The UK tech chiefs who sold at the top

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The Independent Online

It's a hard life running a technology company. Your shares are less than 10 per cent of their value a year ago, profit warnings are coming out of your ears, and all the talk is about a looming recession.

It's a hard life running a technology company. Your shares are less than 10 per cent of their value a year ago, profit warnings are coming out of your ears, and all the talk is about a looming recession.

But there are some still smiling. Research conducted for the Independent on Sunday reveals that over 50 directors of techMARK companies received over £1m each from selling their shares last year during the technology hype. Share prices were through the roof, and everyone wanted to buy a piece of the action.

Conducted by Directus, part of Thomson Financial, the research reveals that between January and June of 2000, techMARK bosses sold over £330m worth of shares.

Investors who bought in at the top of the boom must be furious. So must the directors who were locked into their shares. But not, perhaps as furious as the shareholders in US technology companies. Similar research released last week revealed that 50 US bosses who bailed out at the top of the market netted more than $100m apiece.

Those directors who didn't sell out are another sorry bunch. They have lost millions in the past year as their paper profits collapsed along with the share price.

Martha Lane Fox's 6 per cent stake in online travel company Lastminute.com used to be worth £50m. After a year of plummeting shares it is now worth a mere £4.6m. But Ms Lane Fox didn't have much choice about profiting from the high – a lock-in agreement prevented her selling shares until last December.

Those sitting prettier include former Atlantic Telecom chairman Nick Berry, who sold last February to receive £37m. Had he been selling this weekend the sale would have brought in a mere £1.5m, with the share price at a measly 39p. To add insult to injury, the stockbroker Old Mutual Securities last week advised its clients not to buy any more of the stock, at the price of 50p. Pity those who paid more than £10 a share.

London Bridge Software directors also made a killing, as a collective £21m was raised from three directors' share sales between March and June last year. Finance director James Reid was the luckiest, catching the market when the shares were at £67.50, bringing in £13.5m. The price now? £2.20.

Psion directors sold a total of £106m worth of shares when they were priced at £65.50. They are now at £1.14.

Yet there is little bruised investors can do. As long as a company directors do not deal immediately before a company's results come out, or when they have share price-sensitive information, for example from bid talks or trading statements, they are within the law.

"If they stick to the rules, then we are constrained in what we can do," admitted a spokesman from the Financial Services Authority.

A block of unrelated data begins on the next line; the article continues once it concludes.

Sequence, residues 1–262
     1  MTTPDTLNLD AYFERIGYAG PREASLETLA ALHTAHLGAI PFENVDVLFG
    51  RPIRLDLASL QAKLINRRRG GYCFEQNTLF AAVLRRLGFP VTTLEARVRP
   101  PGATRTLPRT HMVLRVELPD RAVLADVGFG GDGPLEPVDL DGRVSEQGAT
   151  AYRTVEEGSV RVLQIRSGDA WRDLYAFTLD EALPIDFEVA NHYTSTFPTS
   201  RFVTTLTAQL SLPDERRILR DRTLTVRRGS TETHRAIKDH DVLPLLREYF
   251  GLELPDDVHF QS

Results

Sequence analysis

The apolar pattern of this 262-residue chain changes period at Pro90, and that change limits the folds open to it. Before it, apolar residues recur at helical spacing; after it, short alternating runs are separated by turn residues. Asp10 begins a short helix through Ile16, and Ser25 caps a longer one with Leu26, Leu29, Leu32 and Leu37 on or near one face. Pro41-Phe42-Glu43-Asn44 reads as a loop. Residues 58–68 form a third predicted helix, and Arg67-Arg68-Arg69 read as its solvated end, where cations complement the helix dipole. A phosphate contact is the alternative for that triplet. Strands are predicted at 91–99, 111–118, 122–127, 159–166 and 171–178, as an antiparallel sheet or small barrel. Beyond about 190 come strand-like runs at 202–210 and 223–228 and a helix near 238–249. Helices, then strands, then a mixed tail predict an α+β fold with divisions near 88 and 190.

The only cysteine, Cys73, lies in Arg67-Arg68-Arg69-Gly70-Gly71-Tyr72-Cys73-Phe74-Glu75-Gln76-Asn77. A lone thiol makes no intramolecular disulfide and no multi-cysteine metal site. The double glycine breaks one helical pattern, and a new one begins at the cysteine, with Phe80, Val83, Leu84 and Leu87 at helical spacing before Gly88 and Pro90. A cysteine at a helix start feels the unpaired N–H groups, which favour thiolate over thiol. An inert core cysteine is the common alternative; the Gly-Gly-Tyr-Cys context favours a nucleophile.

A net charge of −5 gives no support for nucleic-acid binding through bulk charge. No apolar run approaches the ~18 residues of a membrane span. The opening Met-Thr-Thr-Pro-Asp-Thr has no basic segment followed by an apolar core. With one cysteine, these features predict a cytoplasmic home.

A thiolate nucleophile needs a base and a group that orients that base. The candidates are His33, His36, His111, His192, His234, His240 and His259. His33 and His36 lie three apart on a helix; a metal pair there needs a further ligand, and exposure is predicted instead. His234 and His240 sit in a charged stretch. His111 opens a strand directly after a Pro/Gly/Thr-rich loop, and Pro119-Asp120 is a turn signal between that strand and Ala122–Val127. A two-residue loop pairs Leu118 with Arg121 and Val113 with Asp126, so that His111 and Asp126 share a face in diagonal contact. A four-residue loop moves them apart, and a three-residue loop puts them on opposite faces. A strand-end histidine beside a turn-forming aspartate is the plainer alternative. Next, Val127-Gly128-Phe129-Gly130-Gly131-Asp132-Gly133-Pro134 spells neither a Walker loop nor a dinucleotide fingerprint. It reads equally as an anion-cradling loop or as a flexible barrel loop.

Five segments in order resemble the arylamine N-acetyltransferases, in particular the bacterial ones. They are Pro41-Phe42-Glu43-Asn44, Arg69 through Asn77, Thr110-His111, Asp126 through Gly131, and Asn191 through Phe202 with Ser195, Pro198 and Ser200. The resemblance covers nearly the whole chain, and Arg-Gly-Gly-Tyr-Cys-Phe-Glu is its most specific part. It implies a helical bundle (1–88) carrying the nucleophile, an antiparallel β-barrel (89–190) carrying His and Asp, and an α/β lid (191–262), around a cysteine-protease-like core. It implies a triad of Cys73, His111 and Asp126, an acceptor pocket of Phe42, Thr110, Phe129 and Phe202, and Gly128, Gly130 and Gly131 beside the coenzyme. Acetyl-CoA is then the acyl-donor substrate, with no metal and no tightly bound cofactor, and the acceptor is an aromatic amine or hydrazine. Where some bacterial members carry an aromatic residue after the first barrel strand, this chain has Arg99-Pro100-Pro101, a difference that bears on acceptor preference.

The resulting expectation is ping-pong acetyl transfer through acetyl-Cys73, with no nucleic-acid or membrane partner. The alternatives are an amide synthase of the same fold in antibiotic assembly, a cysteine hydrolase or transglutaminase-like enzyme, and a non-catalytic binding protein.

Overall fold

Its US counterpart, the Securities & Exchange Commission (SEC), is believed to be concerned at a system that allows directors to rake in such huge profits. But the massive share sales are an indication of the insanity of the stock markets at the time.

In normal conditions, investors would use the dealings as a signal of how well the company is doing. A buy indicates the director thinks the company's shares are likely to rise in price, while a sell means it thinks they will fall.

But in those heady times massive share sales hardly stopped the rising prices. When it was announced that Mr Berry had sold out of Atlantic, the shares only dropped 8p to £9.60. Only 11 days later the shares reached their peak of £11.90.

Barbara Ward, former personnel director at CMG, the IT and wireless consultancy company, is thought to be one of the richest women in Britain. She raked in £6.7m when she sold shares last February.

But at least she deserved it – she had worked at the company since 1965 and only left when she turned 65. You can be sure she'll enjoy her retirement, with a second home in the Caribbean.

CMG chairman Cor Stutterheim, who raised the same amount, can't be accused of being a fat cat. He was one of the most underpaid directors on the stock market during the boom period, compared to company directors in similar companies, with a salary of £381,000 in 2000. Robin Saxby, the chairman and chief executive of chip designer ARM Holdings, was also relatively badly paid. But hold the sympathy – he sold £4.2m worth of shares in February last year.

And no directors in our league table face the fate of Amazon.com's Jeff Bezos. The SEC is investigating his share dealings after he sold $11.5m (£8m) of shares days before a negative report on the company.

Investors are also suing the company for publishing what they claim are misleading statements and want to recover losses they have incurred since last February.

Unfortunately for UK investors, there seems little hope for any compensation from London-listed companies.

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